Comparable car factories take up only 300 acres or less. Why are you acquiring 997 acres? What use is that land gong to be put to? Why is all of it being subsidized by the government?

Out of the about 997 acres of land that is being acquired by the West Bengal government, the Tata Motors small car factory will be set up on around 650 acres. The remaining about 300 acres would be used for setting up the vendor park, where ancillaries will set up their plants. These are the auto component manufacturers who would be supplying the critical parts for the small car. They are free to supply to other organisations as well.

The other clause in the Land Acquisition Act being used in your favour is the “socio-economic development” of the region. Singur is already a rich, self-sufficient, agrarian economy. Your project will evict thousands of farmers and landless labours. The compensation will turn their rich, perennial capital of land to pretty meager temporary monetary wealth. Turn a rooted agrarian economy to floating migrant urban population. How can this be deemed socio economic development?

The acquired plot excludes homesteads. So no resident of Singur is getting displaced. Secondly, farming there mostly employed seasonal labour. In contrast, the project will generate in the initial few years, over 10,000 jobs which are not seasonal.

If you claim governmental subsidies on the grounds of “public purpose and socio-economic development”, are you not morally bound to set up factories in backward regions? Why take up prime land close to a metropolis and existing infrastructure? Why do you need to be subsidized to do his?

Tata Motors and Tata Group have historically invested in setting up facilities when none existed. Jamshedpur, Pune, Babrala, Mithapur and recently Uttranchal are examples of manufacturing facilities set up by Group companies which have had a very positive impact on the local economy and the well-being of people living in the area.

How many jobs do you envisage your factory will create? What kind of people will it employ? What is the break-up of this? How many local people will it be able to absorb?

The Tata Motors’ plant operation is expected to create employment in excess of 10,000 direct and indirect jobs within the plant, amongst vendors and service providers in the vicinity. Essential to generating employment for the Singur community is enhancing employability.

Tata Motors is initiating various steps to train people of the Singur villages, who had earlier registered with the WBIDC, to improve their employability. It has already selected a batch of individuals, on the basis of a test and interview, for extensive 6-month training. Another group of residents of Singur, selected by the WBIDC, is at present being trained by the Ramakrishna Shilpa Mandir (Belur). The company is in the process of organising more extensive training for them based on a selection process. Arrangements will also be made to impart relevant training to other individuals, in the WBIDC list, appropriate to their educational background and skills and based on a selection process.

As part of the project, Tata Motors will also organise groups of women from Singur families and enable them to produce various items, which will be required during the construction phase and when the Tata Motors and vendor plants are operational. Last week, the first self-help group of women from Singur villages started a canteen to supply food for the Tata Motors Small Car project site. This is part of the company’s plan to increase income-generation for the families. Other such group activities could include tailoring to manufacture personal gear, cable harnessing, electronic items etc.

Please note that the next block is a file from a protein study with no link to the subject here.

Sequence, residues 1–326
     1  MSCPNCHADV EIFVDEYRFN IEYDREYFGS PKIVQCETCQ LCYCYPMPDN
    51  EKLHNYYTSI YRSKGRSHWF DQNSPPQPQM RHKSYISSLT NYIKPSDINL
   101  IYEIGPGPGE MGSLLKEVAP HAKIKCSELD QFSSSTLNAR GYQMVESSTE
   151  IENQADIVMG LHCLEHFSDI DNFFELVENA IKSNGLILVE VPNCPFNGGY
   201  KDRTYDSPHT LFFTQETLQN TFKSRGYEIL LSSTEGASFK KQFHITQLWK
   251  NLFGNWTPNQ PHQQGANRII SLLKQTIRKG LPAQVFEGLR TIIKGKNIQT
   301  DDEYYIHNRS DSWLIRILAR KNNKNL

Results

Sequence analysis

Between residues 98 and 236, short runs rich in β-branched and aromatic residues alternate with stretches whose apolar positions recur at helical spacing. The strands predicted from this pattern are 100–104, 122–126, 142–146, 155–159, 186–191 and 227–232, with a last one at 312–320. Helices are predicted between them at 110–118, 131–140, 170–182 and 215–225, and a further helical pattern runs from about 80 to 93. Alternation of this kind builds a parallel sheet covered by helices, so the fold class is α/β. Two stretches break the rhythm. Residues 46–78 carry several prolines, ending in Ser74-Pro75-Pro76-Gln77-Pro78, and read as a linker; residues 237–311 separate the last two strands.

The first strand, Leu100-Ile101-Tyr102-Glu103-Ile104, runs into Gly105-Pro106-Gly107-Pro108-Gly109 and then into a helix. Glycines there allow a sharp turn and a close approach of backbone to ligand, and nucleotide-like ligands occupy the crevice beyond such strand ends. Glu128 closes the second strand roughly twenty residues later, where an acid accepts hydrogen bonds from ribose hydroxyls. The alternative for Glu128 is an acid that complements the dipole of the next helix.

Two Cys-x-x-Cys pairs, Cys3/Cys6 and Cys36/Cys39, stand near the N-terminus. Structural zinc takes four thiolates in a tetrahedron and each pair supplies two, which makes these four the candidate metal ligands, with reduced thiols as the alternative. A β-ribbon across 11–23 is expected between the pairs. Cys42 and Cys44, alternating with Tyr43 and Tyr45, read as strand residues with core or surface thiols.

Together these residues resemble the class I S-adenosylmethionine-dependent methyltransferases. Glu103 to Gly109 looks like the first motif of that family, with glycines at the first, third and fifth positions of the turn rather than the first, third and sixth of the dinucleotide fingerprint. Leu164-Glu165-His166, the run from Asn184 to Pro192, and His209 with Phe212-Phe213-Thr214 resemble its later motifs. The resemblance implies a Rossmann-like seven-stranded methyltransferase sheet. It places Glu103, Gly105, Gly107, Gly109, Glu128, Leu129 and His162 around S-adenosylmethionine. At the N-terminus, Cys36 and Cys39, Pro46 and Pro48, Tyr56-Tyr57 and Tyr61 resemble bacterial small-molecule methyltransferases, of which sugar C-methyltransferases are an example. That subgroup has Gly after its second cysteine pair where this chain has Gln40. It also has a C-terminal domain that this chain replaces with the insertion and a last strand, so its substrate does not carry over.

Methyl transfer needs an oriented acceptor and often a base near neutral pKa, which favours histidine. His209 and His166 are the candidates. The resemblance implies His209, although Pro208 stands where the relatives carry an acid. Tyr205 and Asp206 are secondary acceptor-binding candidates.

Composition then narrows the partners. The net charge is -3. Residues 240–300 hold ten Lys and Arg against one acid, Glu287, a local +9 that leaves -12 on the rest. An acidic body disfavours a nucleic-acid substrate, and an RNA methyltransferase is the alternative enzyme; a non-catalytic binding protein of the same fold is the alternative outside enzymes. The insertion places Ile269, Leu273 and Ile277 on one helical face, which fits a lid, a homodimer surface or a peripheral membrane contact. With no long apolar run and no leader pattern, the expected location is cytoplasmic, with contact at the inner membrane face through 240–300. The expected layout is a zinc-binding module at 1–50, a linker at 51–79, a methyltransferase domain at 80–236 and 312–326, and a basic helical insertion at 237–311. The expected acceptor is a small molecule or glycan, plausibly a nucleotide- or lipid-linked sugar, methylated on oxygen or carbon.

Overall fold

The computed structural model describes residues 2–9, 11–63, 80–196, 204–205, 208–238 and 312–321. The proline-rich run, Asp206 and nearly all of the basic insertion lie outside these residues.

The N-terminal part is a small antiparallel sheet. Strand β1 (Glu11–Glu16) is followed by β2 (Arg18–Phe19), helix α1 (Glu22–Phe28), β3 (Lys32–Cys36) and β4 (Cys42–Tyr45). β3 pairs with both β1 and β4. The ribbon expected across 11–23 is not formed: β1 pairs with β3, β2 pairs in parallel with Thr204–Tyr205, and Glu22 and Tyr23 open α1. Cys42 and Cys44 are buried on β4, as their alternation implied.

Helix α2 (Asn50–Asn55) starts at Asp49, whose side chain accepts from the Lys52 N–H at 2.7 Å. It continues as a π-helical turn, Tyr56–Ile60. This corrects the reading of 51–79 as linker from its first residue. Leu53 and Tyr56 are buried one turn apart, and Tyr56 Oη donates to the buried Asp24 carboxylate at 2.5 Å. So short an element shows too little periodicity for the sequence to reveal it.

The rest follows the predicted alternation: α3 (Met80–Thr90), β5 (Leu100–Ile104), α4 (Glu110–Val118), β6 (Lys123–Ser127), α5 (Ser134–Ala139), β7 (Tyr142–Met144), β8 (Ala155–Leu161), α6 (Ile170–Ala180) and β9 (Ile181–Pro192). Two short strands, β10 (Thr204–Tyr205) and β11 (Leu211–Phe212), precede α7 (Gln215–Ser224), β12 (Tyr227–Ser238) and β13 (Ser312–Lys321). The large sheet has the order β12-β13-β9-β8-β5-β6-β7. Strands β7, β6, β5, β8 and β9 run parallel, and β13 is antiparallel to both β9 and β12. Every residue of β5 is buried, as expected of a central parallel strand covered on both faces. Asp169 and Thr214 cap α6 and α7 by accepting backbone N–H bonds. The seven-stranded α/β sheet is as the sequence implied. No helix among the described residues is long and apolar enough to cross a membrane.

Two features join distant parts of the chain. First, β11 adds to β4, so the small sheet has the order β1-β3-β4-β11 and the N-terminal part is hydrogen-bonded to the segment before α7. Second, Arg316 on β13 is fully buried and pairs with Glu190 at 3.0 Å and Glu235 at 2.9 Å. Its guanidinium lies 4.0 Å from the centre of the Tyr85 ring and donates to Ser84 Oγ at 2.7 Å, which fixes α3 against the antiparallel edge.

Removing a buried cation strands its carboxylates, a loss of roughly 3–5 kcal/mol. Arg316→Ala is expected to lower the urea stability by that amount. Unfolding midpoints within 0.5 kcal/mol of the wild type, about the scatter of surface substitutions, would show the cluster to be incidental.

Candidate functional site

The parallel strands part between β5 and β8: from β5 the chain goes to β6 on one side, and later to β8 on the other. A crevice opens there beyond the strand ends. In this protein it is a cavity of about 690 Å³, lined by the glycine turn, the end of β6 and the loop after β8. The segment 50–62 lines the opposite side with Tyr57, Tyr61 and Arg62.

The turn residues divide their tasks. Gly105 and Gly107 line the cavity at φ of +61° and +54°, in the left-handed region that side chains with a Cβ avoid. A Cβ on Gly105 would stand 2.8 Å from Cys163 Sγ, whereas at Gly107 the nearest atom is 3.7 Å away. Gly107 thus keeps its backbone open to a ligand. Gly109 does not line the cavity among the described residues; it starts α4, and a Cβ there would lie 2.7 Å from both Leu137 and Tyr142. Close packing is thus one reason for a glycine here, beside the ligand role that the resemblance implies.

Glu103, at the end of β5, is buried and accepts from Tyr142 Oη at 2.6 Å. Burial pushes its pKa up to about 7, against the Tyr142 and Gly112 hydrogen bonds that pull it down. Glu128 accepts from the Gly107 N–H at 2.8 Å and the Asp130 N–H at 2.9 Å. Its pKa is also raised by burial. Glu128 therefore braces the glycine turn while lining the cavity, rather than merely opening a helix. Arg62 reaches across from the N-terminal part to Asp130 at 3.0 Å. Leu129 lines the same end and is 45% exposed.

The Tata Group has also decided to support community development in the area. Plans are to establish a community centre, offer support in primary health, education.

Your factory will only be able to create 1000 jobs, if that. Not all of these jobs will be awarded to local people. The project will displace at least 11,000 families, i.e., an average of 44,000 people, conservatively speaking. The government has no rehabilitation plan for them. Are you comfortable with this?

There is no displacement of families or houses in the acquisition of the land. The project will generate over 10,000 direct and indirect jobs. Our focus is on enhancing employability as well as creating opportunities for self-employment.

There has been violence and police action, and section 144 in Singur. Are you comfortable associating with this? Why have you not taken the initiative to speak to villagers and build consensus rather than use State force to wall off the land.

Tata Motors has not used state force, or caused it to be used. In fact, for some time now, Tata Motors has been directly engaging with the Singur community, and we find overwhelming support for the project. The participation of people from the villages in the construction of the plant, the participation of women in starting the self-help group for food supply indicates that.

There are 56,000 factories in Bengal lying defunct. People want to know why new industries cannot be started in those places. What is your response to that?

I think it would be best for the West Bengal Government to answer it.

People in Singur say they would have welcomed agro-industries in the region, something related to the local economy rather than a car factory that displaces their economy to set up something else. Would you concede some fairness in this?

As I have stated and what we see on the ground is that people of Singur have welcomed our project – they are actively participating in it.

There have been reports that Tata feels the opposition in Singur has been engineered by rival companies and political parties. Even if that were really the case, the questions posed here still remain valid to a neutral party like me. Would you concede that?

We would not like to say anything beyond what our Chairman, Mr. Ratan Tata, has already stated on the aspect.

While continuing with economic reforms, would you agree the time has come to rethink some of the directions the new economy is moving in?

There has to be continuous thinking on how we can learn and improve. It is important to look at issues and developments on a continuous basis.

The resistance to SEZs and industrial plants and projects across the country is being projected as a factory vs. farm, industry vs agriculture divide. How do you see it? Would you agree people’s resistance is against the arbitrary processes involved rather than to industry itself? Amongst reformers and capitalists, there is often very easy talk about “collateral damage”, the “pain” of growth. What is your view on this?

Any kind of change will evoke concerns. It is important to engage with the community and give them the confidence that the change will impact their lives positively.

Tatas’ projects have run into violent resistance at Kalinganagar and Chattisgarh. What are your learnings from all this?

The violence in the protest has always been beyond our understanding. However, what is important is the change management that has helped people to appreciate the genuine efforts put by the Group in enhancing the quality of life of the local community.

Also Read: Singur and Nandigram: Lessons from Bengal’s hotspots